Well, after an interlude for sickness, house hunting & acquisition, and moving, back to a second test of BAR:
The sodden infantry of the CRC squinted, pulled their tricornes closer over their eyes, and scowled into the rain as it dashed against their faces. After the beating they took at La Follet, when the miserable Arvergnards left them in the lurch, they counted themselves lucky to have hats and muskets, and to be alive to retreat from the field.
General Green sniff forlornly at his snuff - as drenched as everything in this wretched army. Behind him, he knew, the Icenians, or their leash-holders the Kruppfalzen, were hot on the trail, and he blessed whatever stars had kept their fiendish cavalry off his back so far - abandoning the wagon trains and artillery seemed like a stroke of brilliance now, despite all the arguments. Still, it wouldn't be long before they caught up, and it behooved him to find somewhere for his squelching troops to make a stand, and try to dry their powder.
Up ahead he could see a low ridge, with the road leading into the pitiful hamlet of, of, of ... some blasted Allemannic craphole, he cursed under his breath. Dienstleutenberg, if he didnt misremember. Rapping his wooden leg* for luck, he sent a runner to Brigadier Teague, directing him to post his remaining few 6 pounders on the ridge, with the Algonquin infantry covering to either side of it, and send the Green Mountain boys into the copse nearby to avoid insult to that flank. He squinted behind him .... somewhere back behind the curtain of rain, there was Bickle's brigade of brash New Hullers, hopefully somewhat intact: the raw Janelanders were probably all dispersed, those that had escaped the dreadful sabres of the damned Cuirassier charge.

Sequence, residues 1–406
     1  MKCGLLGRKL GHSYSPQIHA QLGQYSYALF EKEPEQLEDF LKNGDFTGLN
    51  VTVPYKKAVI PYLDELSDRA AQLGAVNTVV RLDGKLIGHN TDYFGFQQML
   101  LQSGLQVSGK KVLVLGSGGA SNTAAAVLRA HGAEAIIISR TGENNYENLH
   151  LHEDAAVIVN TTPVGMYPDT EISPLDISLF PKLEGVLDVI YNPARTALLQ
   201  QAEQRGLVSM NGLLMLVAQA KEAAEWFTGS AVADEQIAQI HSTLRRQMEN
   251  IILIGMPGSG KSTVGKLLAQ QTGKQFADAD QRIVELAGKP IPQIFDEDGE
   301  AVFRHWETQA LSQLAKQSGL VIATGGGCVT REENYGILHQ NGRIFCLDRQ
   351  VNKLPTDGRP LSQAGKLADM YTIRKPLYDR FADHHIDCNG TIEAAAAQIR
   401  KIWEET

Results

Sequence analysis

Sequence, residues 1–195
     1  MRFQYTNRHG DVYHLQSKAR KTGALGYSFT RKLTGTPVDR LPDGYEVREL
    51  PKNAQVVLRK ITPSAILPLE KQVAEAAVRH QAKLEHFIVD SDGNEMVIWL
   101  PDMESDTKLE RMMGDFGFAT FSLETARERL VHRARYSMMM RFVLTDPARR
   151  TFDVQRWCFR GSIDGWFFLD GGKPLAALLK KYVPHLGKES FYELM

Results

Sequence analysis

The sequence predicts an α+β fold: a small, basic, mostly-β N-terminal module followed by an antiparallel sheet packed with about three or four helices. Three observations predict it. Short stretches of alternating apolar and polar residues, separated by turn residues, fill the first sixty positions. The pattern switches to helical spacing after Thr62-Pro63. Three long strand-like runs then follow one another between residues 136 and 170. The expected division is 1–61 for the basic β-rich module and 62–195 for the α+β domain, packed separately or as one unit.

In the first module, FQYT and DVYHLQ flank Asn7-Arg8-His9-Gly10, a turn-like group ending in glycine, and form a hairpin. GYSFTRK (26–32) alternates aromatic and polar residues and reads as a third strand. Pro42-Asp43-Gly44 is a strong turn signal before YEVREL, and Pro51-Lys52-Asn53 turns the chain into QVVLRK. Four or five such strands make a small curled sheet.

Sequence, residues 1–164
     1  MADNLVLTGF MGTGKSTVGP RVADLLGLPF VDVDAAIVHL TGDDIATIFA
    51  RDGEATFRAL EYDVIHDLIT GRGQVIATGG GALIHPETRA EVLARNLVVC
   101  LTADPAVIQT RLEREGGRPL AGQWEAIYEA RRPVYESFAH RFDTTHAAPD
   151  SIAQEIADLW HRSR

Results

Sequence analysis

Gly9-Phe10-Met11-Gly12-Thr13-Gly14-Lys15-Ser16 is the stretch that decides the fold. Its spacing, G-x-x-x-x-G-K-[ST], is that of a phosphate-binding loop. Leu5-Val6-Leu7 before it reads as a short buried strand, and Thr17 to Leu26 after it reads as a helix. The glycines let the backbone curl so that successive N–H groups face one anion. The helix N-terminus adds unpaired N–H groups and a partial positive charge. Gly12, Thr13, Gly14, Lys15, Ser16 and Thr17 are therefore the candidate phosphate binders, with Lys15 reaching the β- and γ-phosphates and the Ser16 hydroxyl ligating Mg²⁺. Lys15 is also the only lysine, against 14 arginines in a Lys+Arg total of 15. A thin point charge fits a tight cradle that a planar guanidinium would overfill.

After an hour resting on the ridge, and watching the rain recede, his troops had managed to dry out somewhat, and the first of Bickle's men were visible down the road, the seedy and shaky Schiphol Rifles in the van. Peering through Colonel Roosfelt's telescope, he could see more thick columns looming behind Bickle, rather ominously close. He sent a runner to Bickle, directing him to form up in front of the ridgeline the Algonquins were posing on, and to send the riflemen to reinforce the Green Mountain rifles in holding the woods.
* His favoured weapon in battle, this was a leg his father had wrenched off an Arvergnian Colonel in the assault on Schellenburg 50 years earlier, and he carried it strapped to his saddle when not waving it vigorously to encourage his men.